SAN FRANCISCO — PayPal Inc. warned Monday that its popular online payment service is about to be shut down in Louisiana by banking regulators, casting another cloud over the firm's planned initial public stock offering.
PayPal had hoped to sell 5.4 million shares at $12 to $14 apiece last week, but a patent infringement lawsuit filed by CertCo Inc. threatened to short-circuit the company's service. That prompted PayPal to delay the IPO until this week.
Now, Louisiana's claim that PayPal is operating an unlicensed banking business could force the company to lower its IPO price or delay the deal, analysts said. But the firm's underwriters said they still hope to sell the stock Thursday.
In documents filed Monday with the Securities and Exchange Commission, Palo Alto-based PayPal said Louisiana regulators sent a letter Thursday ordering the service to stop brokering payments between online buyers and sellers until the company receives a money transmission license. In its SEC filing Monday, PayPal said it will comply with the order.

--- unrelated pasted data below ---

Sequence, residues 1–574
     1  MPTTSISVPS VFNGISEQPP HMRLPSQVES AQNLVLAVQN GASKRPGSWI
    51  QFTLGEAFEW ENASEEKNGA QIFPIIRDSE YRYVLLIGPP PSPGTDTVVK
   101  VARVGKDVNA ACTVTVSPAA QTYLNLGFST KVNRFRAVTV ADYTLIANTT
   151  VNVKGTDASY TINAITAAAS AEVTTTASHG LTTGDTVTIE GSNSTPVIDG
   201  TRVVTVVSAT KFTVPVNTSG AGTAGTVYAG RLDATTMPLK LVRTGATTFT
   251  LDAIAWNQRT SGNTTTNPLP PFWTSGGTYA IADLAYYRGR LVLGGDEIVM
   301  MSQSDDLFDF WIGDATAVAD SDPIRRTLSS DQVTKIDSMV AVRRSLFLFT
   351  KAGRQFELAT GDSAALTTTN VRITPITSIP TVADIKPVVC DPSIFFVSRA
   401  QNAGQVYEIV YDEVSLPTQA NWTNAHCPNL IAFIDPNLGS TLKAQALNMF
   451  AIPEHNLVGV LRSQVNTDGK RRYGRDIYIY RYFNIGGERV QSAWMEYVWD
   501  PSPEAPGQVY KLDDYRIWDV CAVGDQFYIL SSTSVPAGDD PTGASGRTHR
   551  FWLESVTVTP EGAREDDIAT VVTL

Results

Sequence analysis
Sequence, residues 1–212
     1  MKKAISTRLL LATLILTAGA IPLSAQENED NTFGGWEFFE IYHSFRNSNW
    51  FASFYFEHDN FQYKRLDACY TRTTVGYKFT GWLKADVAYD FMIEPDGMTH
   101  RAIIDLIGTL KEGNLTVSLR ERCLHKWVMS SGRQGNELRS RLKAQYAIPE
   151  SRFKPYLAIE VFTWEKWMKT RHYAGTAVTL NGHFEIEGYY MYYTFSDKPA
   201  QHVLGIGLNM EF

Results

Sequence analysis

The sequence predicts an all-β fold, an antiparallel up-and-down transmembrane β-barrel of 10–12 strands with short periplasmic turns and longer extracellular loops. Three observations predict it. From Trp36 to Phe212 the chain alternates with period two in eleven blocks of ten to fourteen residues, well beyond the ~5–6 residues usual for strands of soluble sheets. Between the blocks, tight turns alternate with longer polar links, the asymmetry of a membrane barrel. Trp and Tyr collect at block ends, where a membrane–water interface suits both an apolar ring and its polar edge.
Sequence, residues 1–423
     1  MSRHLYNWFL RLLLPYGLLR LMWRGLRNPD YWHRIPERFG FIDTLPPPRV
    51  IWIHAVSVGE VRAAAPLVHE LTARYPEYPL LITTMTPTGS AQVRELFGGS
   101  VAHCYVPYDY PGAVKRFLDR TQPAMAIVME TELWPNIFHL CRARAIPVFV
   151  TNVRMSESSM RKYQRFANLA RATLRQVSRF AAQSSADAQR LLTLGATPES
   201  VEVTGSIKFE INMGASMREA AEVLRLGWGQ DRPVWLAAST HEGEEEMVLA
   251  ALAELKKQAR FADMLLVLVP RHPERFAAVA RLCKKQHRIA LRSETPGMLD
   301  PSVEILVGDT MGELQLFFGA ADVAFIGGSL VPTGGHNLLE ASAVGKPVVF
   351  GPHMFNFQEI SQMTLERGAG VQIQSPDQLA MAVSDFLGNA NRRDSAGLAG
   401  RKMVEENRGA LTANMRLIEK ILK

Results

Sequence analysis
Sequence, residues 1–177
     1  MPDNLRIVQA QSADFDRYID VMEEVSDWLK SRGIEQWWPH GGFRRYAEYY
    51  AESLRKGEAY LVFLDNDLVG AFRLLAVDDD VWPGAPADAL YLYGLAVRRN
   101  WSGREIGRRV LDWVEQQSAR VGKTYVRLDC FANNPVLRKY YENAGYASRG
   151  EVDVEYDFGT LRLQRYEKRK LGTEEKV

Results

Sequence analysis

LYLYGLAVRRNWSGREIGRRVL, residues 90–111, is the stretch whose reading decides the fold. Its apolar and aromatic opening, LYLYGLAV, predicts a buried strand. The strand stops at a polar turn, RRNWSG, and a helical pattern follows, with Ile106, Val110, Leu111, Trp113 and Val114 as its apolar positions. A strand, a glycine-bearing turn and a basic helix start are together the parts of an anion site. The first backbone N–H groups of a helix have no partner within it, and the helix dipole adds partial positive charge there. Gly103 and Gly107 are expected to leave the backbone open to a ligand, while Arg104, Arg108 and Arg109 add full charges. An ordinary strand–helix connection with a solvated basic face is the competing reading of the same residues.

Although Louisiana represents less than 1% of PayPal's overall business, the company's regulatory problems in that state might not be isolated, management said. New York also has notified PayPal that the company is running an unlicensed banking business. New York regulators still haven't ordered PayPal to stop doing business there, which accounts for 6.4% of the payment volume handled by the company.
The company said regulators in nine other states have indicated it needs a license to run its online payment service. PayPal said it already has filed, or plans to file, applications in those states.